Wacha fans 8, Cards rake in win over Mets

April 25th, 2018

ST. LOUIS --  has searched, clawed and felt his way through the season's first month, beginning with a four-start stretch that qualified as one of the strangest, statistically, of his career. Prior to Wednesday, the Cardinals right-hander was walking more batters and striking out fewer than ever before.
Wacha reversed those trends in his fifth start, a 9-1 win over the Mets, at least for a night. His mechanics in sync and his command sharp, Wacha breezed through six strong innings for his fourth win, which have all come in his past four starts. He struck out eight against just one walk, evening some alarming peripheral numbers on a night the Cardinals' offense provided plenty of run support.
"The last couple starts, I've been getting on a little roll here," Wacha said. "Not walking guys and filling up the zone."
And the basepaths, too.
The bulk of St. Louis' runs came via two small-ball rallies against losing pitcher , both of which Wacha was involved in. Down 1-0 in the third, Wacha's sacrifice bunt forced an error and pushed the tying run into scoring position. He later scored on a two-run single that capped a three-run frame.

Wacha was again in the middle of a rally in the fourth. His safety squeeze scored  to begin a four-run inning filled with bunts, walks and Mets misplays. Wacha scored when drove in a run with a forceout, and he said it was the first time he scored two runs in a game since high school.
The Cardinals scored nine runs on seven hits, the biggest being 's two-run homer off in the fifth, which pushed the lead to 9-1.

"Little things that result in big things," Cardinals manager Mike Matheny said. "That was a lot of getting guys over, getting them in. We talk nonstop about the importance of making sure we're capitalizing on those."
Added Wacha: "I felt like an athlete out there today."
To describe his night on the mound, Wacha used words like "trust" and "feel." Both abandoned him at times over his first four starts of the season, when Wacha often battled tough weather conditions. This time, he found his best fastball early -- topping out at 97 mph, per Statcast™ -- and he had the ability to dictate where it went.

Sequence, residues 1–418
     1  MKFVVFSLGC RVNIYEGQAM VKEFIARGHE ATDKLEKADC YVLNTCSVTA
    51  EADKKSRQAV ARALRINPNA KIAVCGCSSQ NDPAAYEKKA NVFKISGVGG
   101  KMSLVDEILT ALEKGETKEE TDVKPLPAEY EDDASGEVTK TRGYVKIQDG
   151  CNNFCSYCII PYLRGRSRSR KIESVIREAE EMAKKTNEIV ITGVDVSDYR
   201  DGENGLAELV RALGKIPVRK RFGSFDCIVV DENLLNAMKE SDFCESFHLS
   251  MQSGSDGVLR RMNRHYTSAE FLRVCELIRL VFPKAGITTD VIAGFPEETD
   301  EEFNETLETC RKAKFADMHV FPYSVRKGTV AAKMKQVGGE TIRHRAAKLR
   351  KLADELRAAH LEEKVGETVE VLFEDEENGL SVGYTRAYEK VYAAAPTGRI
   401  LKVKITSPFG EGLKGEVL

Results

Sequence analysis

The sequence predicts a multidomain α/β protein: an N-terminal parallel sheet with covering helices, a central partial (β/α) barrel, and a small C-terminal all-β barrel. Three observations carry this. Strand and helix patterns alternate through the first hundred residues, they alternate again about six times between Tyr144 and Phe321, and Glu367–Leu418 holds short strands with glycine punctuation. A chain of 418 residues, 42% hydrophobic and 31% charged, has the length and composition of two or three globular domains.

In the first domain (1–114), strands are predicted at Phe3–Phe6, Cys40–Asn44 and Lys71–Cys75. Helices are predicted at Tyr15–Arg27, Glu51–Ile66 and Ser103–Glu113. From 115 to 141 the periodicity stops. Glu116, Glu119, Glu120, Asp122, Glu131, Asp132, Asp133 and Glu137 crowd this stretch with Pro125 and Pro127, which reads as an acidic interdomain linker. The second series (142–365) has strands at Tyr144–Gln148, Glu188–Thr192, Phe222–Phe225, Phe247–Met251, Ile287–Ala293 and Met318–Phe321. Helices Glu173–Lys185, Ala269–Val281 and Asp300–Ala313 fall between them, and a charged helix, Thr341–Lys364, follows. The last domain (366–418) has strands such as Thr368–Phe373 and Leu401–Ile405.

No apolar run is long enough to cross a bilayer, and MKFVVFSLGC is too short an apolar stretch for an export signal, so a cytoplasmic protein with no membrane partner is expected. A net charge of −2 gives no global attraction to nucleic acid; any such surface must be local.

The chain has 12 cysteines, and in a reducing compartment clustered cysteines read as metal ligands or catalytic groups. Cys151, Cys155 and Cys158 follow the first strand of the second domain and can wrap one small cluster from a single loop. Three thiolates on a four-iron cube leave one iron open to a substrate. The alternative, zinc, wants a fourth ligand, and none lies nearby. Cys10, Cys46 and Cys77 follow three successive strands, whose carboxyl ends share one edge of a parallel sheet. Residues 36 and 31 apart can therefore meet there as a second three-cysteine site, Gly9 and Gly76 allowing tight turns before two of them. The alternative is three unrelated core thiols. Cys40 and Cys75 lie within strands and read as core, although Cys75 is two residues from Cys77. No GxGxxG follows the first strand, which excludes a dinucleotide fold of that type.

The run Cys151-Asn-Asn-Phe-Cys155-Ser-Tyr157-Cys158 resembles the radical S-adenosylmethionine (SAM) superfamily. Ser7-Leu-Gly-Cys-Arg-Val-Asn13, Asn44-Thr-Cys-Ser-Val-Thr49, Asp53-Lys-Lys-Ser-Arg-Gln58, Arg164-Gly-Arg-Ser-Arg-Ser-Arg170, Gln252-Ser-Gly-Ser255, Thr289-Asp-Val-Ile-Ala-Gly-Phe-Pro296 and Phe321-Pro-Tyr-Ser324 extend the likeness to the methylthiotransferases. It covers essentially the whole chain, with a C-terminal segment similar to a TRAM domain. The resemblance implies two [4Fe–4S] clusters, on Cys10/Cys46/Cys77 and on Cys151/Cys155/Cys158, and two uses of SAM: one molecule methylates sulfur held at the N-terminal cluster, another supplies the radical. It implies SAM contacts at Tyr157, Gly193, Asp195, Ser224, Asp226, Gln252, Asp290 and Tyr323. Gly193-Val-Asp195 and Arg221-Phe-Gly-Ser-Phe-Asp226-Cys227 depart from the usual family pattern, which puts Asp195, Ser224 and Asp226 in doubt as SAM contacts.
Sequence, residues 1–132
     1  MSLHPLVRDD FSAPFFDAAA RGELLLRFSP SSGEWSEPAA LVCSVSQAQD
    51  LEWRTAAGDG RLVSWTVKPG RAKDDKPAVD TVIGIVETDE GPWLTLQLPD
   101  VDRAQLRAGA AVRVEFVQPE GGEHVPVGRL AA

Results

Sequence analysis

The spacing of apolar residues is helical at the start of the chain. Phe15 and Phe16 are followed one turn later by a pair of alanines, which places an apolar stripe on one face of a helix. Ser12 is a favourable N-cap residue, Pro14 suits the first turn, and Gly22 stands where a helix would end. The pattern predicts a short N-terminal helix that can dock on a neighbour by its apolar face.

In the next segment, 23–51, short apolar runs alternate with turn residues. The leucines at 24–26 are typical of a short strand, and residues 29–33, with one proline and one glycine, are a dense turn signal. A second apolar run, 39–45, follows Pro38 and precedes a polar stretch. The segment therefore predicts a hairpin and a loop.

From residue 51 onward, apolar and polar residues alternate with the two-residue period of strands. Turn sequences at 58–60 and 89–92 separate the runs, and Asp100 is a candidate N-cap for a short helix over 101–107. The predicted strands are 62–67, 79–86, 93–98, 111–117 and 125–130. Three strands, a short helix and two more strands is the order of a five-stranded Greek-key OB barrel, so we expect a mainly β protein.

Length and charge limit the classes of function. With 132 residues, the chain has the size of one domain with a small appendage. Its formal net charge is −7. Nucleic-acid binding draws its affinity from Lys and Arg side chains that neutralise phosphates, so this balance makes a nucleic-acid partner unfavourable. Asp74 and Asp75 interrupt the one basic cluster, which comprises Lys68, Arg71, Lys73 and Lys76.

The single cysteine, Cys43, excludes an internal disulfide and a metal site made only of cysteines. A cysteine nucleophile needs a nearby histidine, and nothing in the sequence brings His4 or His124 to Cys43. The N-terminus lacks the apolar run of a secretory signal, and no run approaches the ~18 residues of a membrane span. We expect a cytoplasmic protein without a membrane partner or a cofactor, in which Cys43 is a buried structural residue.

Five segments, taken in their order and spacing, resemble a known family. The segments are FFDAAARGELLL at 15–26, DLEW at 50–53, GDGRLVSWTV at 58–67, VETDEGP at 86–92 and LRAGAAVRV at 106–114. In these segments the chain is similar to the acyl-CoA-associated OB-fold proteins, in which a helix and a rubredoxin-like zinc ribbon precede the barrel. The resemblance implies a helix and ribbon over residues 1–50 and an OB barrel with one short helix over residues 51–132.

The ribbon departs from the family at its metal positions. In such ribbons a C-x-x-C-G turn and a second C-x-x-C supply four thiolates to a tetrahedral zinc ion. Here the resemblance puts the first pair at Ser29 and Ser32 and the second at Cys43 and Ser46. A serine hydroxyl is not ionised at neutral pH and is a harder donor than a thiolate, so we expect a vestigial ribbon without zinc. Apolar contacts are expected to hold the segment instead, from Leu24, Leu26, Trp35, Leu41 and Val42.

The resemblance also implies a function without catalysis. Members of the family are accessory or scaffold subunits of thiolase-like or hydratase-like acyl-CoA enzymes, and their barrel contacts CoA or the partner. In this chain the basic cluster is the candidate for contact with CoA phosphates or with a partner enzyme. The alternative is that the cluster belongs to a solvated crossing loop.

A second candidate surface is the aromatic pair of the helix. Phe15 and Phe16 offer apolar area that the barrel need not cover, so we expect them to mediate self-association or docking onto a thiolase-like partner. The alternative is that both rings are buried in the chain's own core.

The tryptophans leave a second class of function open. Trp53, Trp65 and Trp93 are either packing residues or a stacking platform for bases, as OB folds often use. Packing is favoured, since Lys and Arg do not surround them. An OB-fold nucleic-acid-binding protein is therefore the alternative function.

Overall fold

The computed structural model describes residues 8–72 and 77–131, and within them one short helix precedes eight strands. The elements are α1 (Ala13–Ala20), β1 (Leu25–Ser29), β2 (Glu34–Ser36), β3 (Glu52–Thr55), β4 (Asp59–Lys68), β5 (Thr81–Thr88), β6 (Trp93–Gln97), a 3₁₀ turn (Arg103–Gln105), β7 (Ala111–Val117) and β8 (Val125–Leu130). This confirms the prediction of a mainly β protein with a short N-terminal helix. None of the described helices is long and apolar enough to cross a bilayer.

"I noticed he was executing that ball at the top of the zone well, purposely," Matheny said. "That was a good indication that he was putting the ball where he wanted to."
Wacha has just two walks over his last 12 2/3 innings, after he issued 10 in his first 14 2/3 frames.
"Just trying to attack, trying not to walk guys," Wacha said. "I hate giving up free baserunners."
Big Bear breaks free: Slumping for much of the past three weeks, Ozuna broke out of a 1-for-25 slump when he squeezed a two-run single through the left side in the third. The Cardinals left fielder is known for borrowing teammates' bats when looking to kick-start his swing. This time, he used ones owned by Tommy Pham and Martinez. Ozuna's only hit of the night came with Martinez's bat.
"It's something I do to get my feeling back," Ozuna said. "Maybe I'll get a couple more hits with his bat. The two homers I have are also with his bat. I'll keep using it."

Matheny emptied his bench with a seven-run lead, inserting backup catcher among the substitutions. That shifted over to first base for the first time since May 2017. Molina made a throwing error while playing three innings in his 36th appearance at the position over his 16-year career.
"It damaged my modeling career. Let's see how many ladies still like me." -- Pham, who exited in the third inning after a bizarre accident gave him a head laceration
Thursday's rubber game will feature a marquee pitching matchup, when the Cardinals' (2-1, 1.42 ERA) and the Mets' (2-0, 3.29) face off in an Opening Day rematch at 12:15 p.m. CT. Few pitchers are rolling right now like Martinez, who is on an 18-inning scoreless streak.